PSE president quits post for health reasons
MANILA, Philippines - The president and chief executive of the Philippine Stock Exchange (PSE) made it clear on Thursday that he decided to quit his post due to health reasons.
Lim will step down on February 16, about two months before his term expires, the PSE said in a disclosure on Thursday.
|abs-cbnNEWS.com has been following corporate governance issues at the PSE and the spate of departures of its key officials. Read our special report here.|
His planned departure sparked fresh concerns about governance issues that have hounded the local bourse over the past year.
Sources said the outgoing official had been wanting to leave because of constant disagreements between the PSE board and management. There were also rumors that he was facing the possibility of being axed for failing to keep his lieutenants in tow with the leanings of majority of the board members on certain regulatory issues.
However, Lim clarified that he was leaving because his doctors advised him to "take it easy" after he underwent angioplasty in 2006.
"I have to be very truthful, life in the PSE is not easy. It's very stressful to carry the responsibility of the whole market on a day-to-day basis," he told reporters during a teleconference.
To a query regarding the rumored conflict between board members and officers, Lim said: "I don't want to be critical about this. There were some disagreements, but these were all resolved in a very professional manner. I'm leaving the exchange fully convinced that all the disagreements have been settled in a professional manner."
The PSE, in its disclosure, said Lim will return to private law practice and will just help the exchange bring about initiatives for the capital market.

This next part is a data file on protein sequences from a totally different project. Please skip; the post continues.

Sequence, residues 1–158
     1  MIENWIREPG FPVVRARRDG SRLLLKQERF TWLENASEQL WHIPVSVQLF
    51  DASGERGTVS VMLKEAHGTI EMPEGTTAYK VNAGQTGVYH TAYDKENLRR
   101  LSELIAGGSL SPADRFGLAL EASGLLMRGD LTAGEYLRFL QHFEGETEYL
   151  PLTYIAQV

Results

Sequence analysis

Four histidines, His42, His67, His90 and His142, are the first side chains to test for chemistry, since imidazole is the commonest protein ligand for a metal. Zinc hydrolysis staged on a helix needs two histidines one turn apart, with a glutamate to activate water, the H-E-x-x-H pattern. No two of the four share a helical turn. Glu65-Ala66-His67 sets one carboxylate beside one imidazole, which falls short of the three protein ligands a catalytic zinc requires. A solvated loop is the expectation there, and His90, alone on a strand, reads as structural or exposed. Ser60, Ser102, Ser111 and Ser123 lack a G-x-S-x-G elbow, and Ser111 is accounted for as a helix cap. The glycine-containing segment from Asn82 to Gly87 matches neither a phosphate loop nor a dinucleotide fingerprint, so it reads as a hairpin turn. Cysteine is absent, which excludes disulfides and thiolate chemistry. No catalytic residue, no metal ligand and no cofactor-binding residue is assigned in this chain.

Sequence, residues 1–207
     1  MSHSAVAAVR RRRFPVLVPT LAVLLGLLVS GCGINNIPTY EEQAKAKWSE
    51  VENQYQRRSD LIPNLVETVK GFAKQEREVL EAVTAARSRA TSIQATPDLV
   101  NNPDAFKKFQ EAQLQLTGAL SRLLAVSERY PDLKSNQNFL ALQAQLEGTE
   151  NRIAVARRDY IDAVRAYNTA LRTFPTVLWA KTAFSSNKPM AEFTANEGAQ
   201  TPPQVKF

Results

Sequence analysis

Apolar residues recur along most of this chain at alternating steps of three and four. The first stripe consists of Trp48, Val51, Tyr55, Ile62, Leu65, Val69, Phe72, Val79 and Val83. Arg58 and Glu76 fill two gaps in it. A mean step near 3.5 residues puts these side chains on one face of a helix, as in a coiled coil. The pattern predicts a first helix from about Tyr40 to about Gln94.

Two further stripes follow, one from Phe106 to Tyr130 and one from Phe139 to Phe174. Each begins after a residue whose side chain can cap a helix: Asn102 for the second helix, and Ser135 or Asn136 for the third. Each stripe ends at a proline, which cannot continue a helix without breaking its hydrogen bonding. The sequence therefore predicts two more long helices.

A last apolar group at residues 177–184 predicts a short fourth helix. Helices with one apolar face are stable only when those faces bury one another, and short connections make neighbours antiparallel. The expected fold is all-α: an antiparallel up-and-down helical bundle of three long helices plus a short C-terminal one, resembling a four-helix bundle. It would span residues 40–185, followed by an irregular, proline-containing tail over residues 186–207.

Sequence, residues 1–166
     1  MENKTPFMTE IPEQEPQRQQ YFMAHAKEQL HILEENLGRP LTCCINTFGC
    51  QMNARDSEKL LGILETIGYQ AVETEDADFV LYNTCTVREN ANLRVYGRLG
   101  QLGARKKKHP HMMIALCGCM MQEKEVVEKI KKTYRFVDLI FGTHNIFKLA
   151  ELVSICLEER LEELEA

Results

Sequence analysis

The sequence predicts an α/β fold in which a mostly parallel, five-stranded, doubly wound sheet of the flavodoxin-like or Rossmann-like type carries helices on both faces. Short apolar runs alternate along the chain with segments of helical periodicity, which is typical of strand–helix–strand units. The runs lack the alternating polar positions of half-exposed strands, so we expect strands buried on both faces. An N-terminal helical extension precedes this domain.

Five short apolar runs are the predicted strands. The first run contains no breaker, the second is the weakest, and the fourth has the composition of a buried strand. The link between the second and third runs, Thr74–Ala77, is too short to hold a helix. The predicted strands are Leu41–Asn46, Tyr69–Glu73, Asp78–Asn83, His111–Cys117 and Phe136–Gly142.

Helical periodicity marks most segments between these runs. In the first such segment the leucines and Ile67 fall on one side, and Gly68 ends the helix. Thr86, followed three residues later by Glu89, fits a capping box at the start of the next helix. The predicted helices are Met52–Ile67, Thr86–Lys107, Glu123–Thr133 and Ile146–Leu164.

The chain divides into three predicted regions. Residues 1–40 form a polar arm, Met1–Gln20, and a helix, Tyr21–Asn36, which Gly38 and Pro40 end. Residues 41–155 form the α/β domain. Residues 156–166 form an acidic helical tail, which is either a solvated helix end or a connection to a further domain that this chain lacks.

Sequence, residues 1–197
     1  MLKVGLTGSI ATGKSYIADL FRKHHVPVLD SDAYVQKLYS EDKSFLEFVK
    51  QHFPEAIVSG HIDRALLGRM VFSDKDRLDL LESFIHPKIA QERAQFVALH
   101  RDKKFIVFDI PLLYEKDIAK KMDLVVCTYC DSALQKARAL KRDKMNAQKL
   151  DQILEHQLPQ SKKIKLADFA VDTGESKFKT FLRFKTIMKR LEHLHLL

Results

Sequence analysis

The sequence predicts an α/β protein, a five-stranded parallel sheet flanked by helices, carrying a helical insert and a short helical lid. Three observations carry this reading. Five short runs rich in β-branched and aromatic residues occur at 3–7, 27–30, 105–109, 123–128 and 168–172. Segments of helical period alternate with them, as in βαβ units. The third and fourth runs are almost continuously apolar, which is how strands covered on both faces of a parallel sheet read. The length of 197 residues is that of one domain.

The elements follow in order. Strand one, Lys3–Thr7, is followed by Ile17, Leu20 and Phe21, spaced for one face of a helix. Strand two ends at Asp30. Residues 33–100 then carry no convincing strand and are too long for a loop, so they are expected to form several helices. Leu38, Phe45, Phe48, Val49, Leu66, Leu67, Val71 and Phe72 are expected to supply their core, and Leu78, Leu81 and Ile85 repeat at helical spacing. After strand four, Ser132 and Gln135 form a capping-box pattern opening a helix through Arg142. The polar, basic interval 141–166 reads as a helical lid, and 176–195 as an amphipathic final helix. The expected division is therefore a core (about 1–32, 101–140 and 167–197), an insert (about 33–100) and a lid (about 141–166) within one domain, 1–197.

Lim is the 6th—and the most senior—management official to leave the PSE since last year.
Former disclosure department head Pete Malabanan left early 2009, citing health problems. Not long after, Conchita Manabat, who chaired the Market Integrity Board, the body which polices trading participants and listed companies, abruptly resigned.
Roy Rafols, who was chief operating officer and head of the Issuer Regulation Division, left in September because the board decided not to renew his contract. A month after, Joseph San Pedro, then head of the Market Regulation Department, quit his post after he reportedly came into conflict with some brokers for posting their violations on the PSE website.
The board has also not renewed the contract of Jonathan Juan Moreno, the head of corporate governance unit, which is spearheading several initiatives to align PSE's governance standards with international practices. He will leave the exchange by February.
While talks about Lim's departure have been rife since last year, the news still came as a surpise to some.
"It came as a shock to us. Francis Lim was very supportive of the policy reforms that protected minority shareholders, pushed for better corporate governance, and allowed for a conducive market environment. This is a very big loss," said analyst PJ Garcia, chief investment officer at ING.